Skip to main content

The road less traveled

Back from another brief business trip, again to the Nashville area.  And instead of my usual pattern, I overnighted in Bowling Green, a city a bit less than an hour north of the metro Nashville area, so that I could join a friend and take in a baseball game (nice ballpark in Bowling Green, by the way).

Then I did something very different from my usual travel patterns.  I had noticed on several recent trips to Nashville that the I-65 corridor between Elizabethtown (where I merge onto this highway) and the "cave area" of Kentucky (home of Mammoth Cave and other natural attractions) is rife with extensive construction due to lane additions to accommodate the massive amount of traffic on this road.  My friend from the Elizabethtown area explained that this has been in the "ten-year plan" for about twenty years, but, no matter, when it's completed, it will be much safer and better able to accommodate all of the cars and trucks zooming north and south.

Anyway, I saw yet another miles-long backup when I was heading south on Wednesday, so I began to think about alternate routes.  I don't often do that, as traveling is hard enough without having to think about where you're going.  So I asked my friend and he suggested that I merge onto U.S. 68, a traditional U.S. highway (not an interstate), just north of Bowling Green.  Scenic and much less hectic, and, given the delays I'd likely encounter, probably the same amount of time.  And best of all, the road leads directly to Lexington, so as long as I stayed on that route (paying attention to signage in the many little towns was key), I'd return home safe and sound.

So that's what I decided to do, and it was a marvelous experience.  Let me share some of the things I saw and experienced.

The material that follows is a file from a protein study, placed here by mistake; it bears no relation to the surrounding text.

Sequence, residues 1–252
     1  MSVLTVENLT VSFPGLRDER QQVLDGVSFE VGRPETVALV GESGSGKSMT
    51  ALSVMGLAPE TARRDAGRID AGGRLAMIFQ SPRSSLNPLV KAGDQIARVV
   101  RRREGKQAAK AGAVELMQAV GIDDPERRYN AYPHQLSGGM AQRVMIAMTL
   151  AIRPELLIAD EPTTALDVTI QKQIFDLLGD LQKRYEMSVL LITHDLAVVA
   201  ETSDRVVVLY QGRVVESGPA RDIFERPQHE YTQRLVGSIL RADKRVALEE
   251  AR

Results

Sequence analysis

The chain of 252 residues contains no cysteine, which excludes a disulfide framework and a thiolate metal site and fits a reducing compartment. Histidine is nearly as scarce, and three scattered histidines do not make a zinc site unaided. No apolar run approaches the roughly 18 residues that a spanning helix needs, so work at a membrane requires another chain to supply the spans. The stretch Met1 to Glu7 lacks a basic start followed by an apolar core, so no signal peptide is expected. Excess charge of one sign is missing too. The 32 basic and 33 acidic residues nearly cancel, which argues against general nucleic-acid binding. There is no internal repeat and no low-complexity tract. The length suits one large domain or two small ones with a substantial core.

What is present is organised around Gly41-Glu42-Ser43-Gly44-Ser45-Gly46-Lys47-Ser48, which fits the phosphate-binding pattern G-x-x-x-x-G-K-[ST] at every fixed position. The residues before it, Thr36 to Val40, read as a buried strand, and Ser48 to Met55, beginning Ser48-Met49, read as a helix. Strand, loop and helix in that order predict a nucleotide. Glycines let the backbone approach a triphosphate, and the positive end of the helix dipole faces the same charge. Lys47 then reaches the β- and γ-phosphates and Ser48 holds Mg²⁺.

*  I hadn't been on this road for five minutes and I encountered an Amish horse-and-buggy, with a bearded man in "plain" clothes and a straw hat driving.  As I passed he briefly touched the brim of his hat, as I moved around him slowly, and I nodded in response.  I had heard there was/is an Amish community near Glasgow, so there's some evidence.

*  Lots of little businesses, all in the middle of nowhere, with signs advertising antiques, pressure-washing, honey, hairstyling, scrap metals, florist services, and, of course, fresh produce sold from roadside stands.  I didn't stop, but later in the season, where some of the items I like would be in season, I might.

*  Honest-to-God farms, small enough for one family or possibly one person to tend, where they grow, you know, FOOD.  Corn seemed to be a popular crop in the part of Kentucky through which I traveled.

*  Miles and minutes where I saw no cars at all.

*  Town squares.  A vestige of times passed, certainly.  Invariably, the courthouse was at the center.

*  Great names of little communities.  I think "Wisdom" was my favorite of this trip.

*  Small independent grocery stores.  I grew up working in one of those, and that certainly brought back some memories.

I could go on, but it was a nice change of pace.  Along with it, U.S. 68 between Oakland (the town nearest where I entered the highway) and Lexington is largely two-lane, with just a few sections looking remotely like a highway with broad shoulders and passing lanes.  And there were numerous signs pointing to the "county lake" of a certain area.